Months of community rallies and pressure by local officials finally paid off, as Gov. Andrew Cuomo announced Thursday the state has changed its plans to eliminate inpatient services at the Elmira Psychiatric Center.
The state's Office of Mental Health Services announced plans in July to reduce the 24 inpatient facilities in the system to 15 regional hospitals. Some of the closed facilities, including the Elmira Psych Center, were to become community centers offering outpatient care only.
It was feared the move - part of a restructuring of the state's mental health system - would have resulted in the loss of roughly 200 of the 350 jobs at the Elmira Psych Center and reduced vital services available locally. Area residents needing inpatient care would have gone to Buffalo or Utica under the plan.
Local elected officials doggedly pressured Cuomo this summer and fall. There were also several community rallies and marches, along with a petition drive.
In recent weeks, Cuomo reviewed the Office of Mental Health Services plan and agreed to modify the plan.
He informed local officials – including state Sen. Tom O'Mara, R-Big Flats, Assemblyman Phil Palmesano, R-Corning, and Chemung County Executive Tom Santulli - of his decision in a videoconference Thursday afternoon.
Inpatient services will still be reduced at the Elmira Psych Center, however, Cuomo told them.
The number of beds for adult patients will be reduced from 72 to 48, but all 18 beds for children in the facility will be kept in place, Santulli said. Essentially, the Psych Center will be losing one of its adult wards.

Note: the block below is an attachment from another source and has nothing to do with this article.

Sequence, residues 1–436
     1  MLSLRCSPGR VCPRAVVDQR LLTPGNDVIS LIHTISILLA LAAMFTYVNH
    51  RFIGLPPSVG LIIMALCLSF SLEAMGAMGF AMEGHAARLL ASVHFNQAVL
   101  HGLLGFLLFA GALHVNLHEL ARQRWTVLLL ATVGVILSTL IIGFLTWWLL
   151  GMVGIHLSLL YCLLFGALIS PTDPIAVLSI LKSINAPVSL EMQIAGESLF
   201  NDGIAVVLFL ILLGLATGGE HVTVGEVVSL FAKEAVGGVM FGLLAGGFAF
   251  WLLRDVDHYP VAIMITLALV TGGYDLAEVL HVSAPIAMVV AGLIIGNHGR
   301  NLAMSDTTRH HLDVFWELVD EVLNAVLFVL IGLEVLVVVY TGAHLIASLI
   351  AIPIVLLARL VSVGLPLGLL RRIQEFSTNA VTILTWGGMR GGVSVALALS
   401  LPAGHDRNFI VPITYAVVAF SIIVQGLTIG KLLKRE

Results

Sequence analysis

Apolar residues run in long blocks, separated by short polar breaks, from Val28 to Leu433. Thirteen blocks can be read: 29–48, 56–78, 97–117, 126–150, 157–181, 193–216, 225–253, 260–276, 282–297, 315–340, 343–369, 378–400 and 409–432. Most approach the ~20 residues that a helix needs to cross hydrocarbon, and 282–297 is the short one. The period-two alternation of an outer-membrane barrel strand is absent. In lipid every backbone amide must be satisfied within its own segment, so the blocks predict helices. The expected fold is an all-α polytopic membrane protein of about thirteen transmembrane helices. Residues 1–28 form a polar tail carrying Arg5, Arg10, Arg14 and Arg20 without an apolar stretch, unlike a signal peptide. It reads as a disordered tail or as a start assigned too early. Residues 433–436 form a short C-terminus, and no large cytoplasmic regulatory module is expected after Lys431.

However, to make up for the loss, Cuomo told officials there are preliminary plans for the state to provide support for other local agencies that offer mental health care to provide extra beds at their facilities. Those plans haven't been fully developed yet, though.
"We're very pleased," Santulli said. "The bottom line is, for the most part, the Elmira Psych Center has been preserved."
"It's nice to have the hard work this whole community went through to send a message to Albany pay off," he said.
O'Mara said it would have been "unacceptable" to make local mental health patients and their families travel three hours to Buffalo or Utica.
Palmesano credited Cuomo for being willing to listen and being open to changing the state's plans.
"It was absolutely critical that inpatient services remain available locally," said Palmesano, noting that the Elmira Psych Center served an 11-county radius. "The residents of the Southern Tier pay taxes too, and they should be entitled to the same services."
Part of the case made to Cuomo was the high level of service provided at the Elmira Psych Center, as reflected by many of the measures used by the state to rank its facilities, Palmesano added.
Page 2 of 2 - Cuomo also decided to keep a reduced number of inpatient beds at similar facilities in Binghamton and the North Country, which had been also been slated for closure, Palmesano said.
O'Mara and Palmesano said they'll continue fighting to prevent the closure of the Monterey Shock Incarceration Facility in Schuyler County. The shock camp is set to close in July 2014 as part of a downsizing of the state's corrections system.